San Bernardino Police Chief Jarrod Burguan, center, holds a resolution while posing with Assemblyman Marc Steinorth, R-Rancho Cucamonga, and then-Assemblywoman Cheryl Brown, D-San Bernardino, during a 2016 ceremony in Sacramento that honored the first responders to the December 2015 terrorist attack in San Bernardino (Courtesy of Steinorth’s office).
By Jeff Horseman | email@example.com | The Press-Enterprise
Published: March 2, 2018 at 1:27 pm | Updated: March 2, 2018 at 3:46 pm
Inland Assemblyman Marc Steinorth has decided not to seek re-election, a decision that could affect the balance of power in Sacramento and the San Bernardino County Board of Supervisors.
In a statement released Friday, March 2, Steinorth, R-Rancho Cucamonga, said: “When I began my journey in public service I knew I could make a difference. I (knew) with my small business background and community involvement, I would bring real solutions to the community I care so deeply for.
“After two terms in the State Assembly I have done more than I ever imagined,” he said.
Steinorth added: “My service to my community isn’t over. But I want to be home with my kids. I want to coach my son’s soccer team. I want to be there to help my daughter move into the college of her choice.
“Life changes and we have to adapt. However, this isn’t the end of my fight. Stay tuned.”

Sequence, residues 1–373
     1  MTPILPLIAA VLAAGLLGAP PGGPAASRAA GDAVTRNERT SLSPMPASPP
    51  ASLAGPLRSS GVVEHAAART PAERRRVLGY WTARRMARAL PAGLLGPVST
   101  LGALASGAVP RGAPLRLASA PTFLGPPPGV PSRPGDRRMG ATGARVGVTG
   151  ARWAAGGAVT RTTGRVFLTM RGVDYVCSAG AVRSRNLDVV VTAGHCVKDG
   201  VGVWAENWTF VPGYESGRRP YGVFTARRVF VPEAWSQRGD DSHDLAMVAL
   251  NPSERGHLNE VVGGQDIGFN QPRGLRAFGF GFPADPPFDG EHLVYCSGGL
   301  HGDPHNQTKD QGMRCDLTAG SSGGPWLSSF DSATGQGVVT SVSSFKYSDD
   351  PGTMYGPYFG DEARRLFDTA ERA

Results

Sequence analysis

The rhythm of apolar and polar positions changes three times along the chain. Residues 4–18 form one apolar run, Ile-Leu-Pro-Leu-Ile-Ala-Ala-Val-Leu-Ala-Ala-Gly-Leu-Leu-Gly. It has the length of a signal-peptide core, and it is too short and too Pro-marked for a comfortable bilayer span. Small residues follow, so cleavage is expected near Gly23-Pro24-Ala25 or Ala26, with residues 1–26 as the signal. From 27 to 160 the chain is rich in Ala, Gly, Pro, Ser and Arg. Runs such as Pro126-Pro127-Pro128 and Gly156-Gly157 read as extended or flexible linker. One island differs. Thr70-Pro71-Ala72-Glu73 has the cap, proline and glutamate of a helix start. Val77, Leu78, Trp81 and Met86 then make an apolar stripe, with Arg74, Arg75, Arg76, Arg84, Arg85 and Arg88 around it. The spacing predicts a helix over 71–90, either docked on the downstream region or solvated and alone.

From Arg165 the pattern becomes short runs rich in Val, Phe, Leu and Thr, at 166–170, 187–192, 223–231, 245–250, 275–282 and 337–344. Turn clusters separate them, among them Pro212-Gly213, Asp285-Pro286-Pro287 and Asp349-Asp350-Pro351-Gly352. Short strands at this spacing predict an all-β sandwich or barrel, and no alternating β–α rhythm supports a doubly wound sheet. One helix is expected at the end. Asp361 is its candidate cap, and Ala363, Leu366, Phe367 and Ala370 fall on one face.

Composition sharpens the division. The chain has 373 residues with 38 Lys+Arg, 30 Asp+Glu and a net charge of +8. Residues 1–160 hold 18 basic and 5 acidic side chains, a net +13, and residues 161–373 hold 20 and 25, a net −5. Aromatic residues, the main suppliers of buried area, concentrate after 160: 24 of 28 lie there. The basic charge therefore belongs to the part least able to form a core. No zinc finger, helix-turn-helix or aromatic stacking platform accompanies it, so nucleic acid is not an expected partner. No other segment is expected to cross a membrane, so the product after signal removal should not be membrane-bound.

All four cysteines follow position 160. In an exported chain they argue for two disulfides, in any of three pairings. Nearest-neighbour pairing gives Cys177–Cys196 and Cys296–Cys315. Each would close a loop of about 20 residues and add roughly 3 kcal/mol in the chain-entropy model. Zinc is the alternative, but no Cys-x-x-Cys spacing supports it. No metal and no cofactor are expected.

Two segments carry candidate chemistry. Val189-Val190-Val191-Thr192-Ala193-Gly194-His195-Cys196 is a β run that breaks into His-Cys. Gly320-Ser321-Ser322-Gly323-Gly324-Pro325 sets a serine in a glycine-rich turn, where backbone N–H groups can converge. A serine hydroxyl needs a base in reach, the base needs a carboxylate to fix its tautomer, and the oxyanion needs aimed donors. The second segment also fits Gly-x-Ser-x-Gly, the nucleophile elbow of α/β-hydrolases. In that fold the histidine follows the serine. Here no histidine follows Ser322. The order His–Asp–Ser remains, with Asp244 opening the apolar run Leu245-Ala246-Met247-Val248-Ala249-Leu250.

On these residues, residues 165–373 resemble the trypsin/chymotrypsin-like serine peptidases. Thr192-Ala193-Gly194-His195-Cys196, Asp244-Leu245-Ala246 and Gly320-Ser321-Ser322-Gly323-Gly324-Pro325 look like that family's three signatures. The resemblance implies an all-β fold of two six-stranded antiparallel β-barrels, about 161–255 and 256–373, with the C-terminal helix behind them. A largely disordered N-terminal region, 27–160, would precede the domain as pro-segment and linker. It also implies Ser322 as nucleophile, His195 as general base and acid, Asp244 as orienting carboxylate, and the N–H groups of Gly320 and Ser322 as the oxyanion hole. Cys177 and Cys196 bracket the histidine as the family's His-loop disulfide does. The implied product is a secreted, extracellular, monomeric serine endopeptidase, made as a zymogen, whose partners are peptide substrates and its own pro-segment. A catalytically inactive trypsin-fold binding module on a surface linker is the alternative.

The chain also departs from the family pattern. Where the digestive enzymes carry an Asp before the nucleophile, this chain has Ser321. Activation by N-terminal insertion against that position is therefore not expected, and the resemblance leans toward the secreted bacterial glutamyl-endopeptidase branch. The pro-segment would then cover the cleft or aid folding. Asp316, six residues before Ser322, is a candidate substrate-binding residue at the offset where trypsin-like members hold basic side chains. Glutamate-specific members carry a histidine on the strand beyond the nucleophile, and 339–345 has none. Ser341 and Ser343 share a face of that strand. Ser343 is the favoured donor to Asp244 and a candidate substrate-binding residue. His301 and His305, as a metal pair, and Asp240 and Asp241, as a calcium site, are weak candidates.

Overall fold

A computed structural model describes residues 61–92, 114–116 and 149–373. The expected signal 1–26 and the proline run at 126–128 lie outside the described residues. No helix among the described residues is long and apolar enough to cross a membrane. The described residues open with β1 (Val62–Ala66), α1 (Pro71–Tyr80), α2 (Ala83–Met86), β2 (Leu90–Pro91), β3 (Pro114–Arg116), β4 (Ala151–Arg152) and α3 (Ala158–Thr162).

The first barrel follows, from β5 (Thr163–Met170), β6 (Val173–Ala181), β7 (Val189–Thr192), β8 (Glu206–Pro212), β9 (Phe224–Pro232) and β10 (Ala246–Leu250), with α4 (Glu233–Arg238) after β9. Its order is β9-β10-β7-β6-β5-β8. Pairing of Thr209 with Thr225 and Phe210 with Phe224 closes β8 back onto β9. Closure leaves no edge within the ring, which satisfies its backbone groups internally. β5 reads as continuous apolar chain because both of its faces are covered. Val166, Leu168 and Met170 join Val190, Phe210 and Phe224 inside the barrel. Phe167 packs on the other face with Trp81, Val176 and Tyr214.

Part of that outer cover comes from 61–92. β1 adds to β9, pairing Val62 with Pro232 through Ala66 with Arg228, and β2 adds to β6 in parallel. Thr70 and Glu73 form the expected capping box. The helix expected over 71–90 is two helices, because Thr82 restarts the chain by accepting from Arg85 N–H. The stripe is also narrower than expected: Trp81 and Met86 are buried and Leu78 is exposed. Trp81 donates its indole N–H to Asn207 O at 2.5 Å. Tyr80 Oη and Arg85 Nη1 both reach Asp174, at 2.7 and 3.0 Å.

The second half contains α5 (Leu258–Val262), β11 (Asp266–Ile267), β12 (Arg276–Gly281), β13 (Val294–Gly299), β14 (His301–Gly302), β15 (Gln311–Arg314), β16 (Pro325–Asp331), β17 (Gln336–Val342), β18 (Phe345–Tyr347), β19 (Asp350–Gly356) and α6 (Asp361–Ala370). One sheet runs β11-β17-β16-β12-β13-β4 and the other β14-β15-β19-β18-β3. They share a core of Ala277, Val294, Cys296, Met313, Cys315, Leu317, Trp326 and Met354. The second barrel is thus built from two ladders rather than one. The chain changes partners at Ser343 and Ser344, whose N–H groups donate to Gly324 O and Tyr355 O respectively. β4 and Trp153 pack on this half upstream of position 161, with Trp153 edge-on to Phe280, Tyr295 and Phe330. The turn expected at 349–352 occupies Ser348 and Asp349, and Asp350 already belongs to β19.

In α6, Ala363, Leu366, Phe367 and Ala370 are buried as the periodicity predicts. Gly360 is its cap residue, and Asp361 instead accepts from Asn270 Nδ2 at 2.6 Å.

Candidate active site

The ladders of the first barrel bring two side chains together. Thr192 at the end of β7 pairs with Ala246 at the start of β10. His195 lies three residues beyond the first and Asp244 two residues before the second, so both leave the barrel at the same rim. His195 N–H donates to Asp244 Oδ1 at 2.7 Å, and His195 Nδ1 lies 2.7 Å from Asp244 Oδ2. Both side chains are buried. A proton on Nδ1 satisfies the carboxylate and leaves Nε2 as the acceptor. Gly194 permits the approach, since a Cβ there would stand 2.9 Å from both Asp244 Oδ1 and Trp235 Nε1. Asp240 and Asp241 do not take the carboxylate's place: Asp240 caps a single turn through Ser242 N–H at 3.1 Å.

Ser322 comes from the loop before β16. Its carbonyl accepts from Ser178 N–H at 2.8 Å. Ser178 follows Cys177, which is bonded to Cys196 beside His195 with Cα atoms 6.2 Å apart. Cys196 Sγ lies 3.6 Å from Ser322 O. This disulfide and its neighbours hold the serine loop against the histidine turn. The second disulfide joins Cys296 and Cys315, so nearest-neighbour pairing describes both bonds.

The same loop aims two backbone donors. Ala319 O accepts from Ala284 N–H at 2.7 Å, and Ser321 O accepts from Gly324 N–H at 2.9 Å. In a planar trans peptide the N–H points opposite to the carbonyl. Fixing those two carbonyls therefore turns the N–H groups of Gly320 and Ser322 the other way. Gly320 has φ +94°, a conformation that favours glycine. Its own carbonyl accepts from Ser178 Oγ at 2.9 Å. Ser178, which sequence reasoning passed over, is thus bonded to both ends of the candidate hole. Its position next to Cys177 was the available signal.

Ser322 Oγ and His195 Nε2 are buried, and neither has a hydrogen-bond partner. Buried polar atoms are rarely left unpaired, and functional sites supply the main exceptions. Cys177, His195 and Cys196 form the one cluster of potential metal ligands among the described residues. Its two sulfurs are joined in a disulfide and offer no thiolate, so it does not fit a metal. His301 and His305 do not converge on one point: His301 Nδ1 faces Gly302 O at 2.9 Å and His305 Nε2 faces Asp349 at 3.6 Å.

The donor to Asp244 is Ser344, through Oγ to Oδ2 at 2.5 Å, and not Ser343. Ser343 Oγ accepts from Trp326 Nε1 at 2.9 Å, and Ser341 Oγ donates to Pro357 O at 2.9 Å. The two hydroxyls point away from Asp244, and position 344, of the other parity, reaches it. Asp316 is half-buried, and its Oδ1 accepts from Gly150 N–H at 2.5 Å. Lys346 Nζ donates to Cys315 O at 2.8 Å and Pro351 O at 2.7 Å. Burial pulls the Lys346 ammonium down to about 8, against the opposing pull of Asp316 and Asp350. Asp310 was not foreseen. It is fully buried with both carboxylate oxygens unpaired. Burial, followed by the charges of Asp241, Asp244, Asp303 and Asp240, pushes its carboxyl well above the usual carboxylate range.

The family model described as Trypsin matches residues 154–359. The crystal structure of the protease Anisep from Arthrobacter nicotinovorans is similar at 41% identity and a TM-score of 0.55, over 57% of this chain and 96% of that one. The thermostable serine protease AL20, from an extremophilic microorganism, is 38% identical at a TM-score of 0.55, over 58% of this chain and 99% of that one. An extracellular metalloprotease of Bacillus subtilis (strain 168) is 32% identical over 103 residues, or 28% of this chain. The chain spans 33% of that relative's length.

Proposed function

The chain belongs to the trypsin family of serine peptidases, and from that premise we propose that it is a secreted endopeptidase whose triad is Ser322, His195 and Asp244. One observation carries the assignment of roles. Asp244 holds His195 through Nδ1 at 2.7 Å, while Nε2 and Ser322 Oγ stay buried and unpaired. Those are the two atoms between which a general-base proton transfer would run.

Reached by phone and asked what his next move will be, Steinorth said: “I’ll be prepared to discuss that next week.”
However, speculation has mounted in recent weeks that Steinorth will run for the Second District supervisorial seat held by fellow Republican Janice Rutherford. The district includes Rancho Cucamonga, Upland and much of Fontana.
A former Rancho Cucamonga councilman, Steinorth, 47, was first elected to the 40th Assembly District in 2014. His district includes most of San Bernardino and Rancho Cucamonga along with Redlands, Loma Linda and Highland.
He survived a well-funded re-election challenge from Democrat Abigail Medina in 2016 by less than 2,000 votes — the tightest margin of any state legislative race that year — and was facing another tough fight against Democrat and county Supervisor James Ramos in a district with more Democratic voters than registered Republicans.
Democrats, who enjoy a 7-percentage point edge in the district’s voter registration, have targeted Steinorth in a bid to bolster their majority in the Legislature.
In an emailed statement, Ramos said: “I entered the Assembly race to make a difference for the Inland Empire and it was evident from the massive early support that I have received from throughout this community that folks know my work and trust that I will be an effective legislator.
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